Rotary and Salem 9/11 RemembranceSeptember 26, 2014
by S. Aaron Shamshoyan
It might have happened 13 years ago, but the terrorist attacks of September 11, 2001, can be recalled by most in seconds.
However, most high school seniors were only five at the time of the attacks, and may have little to no memory of the tragedy that shook the nation.
Working to keep the memory alive of the thousands of first responders, citizens, and passengers killed on that day, the Greater Salem Rotary club hosts a remembrance ceremony each year.
Spike Cutolo is a retired New York City detective who lived and worked in Brooklyn. Her first day of a week-long vacation was September 11, 2001, a day when she would typically be working in the city.
Because she was on vacation and electronic communications was not as readily available as today, Cutolo didn’t know the World Trade Center had been hit by a plane until she was called by her friend to watch the news.
Cutolo decided to try and head into the city, which was a challenge since the roads were shut down.
“I could not get into the city at the moment that was occurring,” she said, noting the lack of a police vehicle.
But at 2 a.m., Cutolo arrived on scene to see a 10-block area devastated by the towers’ collapse.
“You felt it; you felt you’ve been defeated,” she said. “We did work on that pile.”
Working with emergency responders, Cutolo searched through buildings and debris for signs of life.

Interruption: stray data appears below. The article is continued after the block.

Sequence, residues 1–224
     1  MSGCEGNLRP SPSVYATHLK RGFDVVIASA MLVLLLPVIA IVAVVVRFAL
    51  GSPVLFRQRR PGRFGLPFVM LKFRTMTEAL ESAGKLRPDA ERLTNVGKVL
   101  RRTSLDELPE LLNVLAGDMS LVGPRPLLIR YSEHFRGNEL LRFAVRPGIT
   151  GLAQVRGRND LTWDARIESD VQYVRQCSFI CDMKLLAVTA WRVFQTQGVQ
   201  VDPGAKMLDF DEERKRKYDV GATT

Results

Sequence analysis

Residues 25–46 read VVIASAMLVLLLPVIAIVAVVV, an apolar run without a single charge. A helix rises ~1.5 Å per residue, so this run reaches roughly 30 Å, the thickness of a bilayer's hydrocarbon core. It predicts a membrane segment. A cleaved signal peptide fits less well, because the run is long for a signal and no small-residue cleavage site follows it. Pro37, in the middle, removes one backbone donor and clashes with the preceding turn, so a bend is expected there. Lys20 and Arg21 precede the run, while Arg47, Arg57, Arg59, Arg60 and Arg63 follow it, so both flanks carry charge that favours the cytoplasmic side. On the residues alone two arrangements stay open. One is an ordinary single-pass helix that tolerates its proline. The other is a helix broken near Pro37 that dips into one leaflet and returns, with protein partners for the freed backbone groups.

“It wasn’t just those two towers,” she said. “It was a 10-block radius crime scene.”
Cutolo recounted entering a boardroom in one building where a 25-foot-long by 4-foot-wide steel beam had crashed through a window and impaled a conference chair at the head of the table.
In 2007, Cutolo retired from the force and moved to Andover, New Hampshire, the next year.
“People of New Hampshire are very, very special,” she said. “To me, New Hampshire is one big community.”
For Cutolo, the biggest change in moving north was the respect by locals, which she said is the opposite of what police officers receive in Brooklyn.
“It does need to be remembered,” she said. “You can’t let that story grow old.”
She thanked Rotarians for continuing to host memorial services. “To keep that memory alive means a lot to people like myself.”
Cutolo cited the recent installation of a 9/11 Memorial in Hudson, and said she was at the opening ceremony.
“That’s when I really, really, really felt at home,” she said. “That memorial means a lot to me. You couldn’t have asked for something more perfect.”
The Salem Fire Department also hosted their annual memorial, with Fire Chief Kevin Breen and Fire Marshal Jeff Emanuelson speaking about the tragic day.
“Today we stand together to remember all those who were lost,” they said in front of central fire station.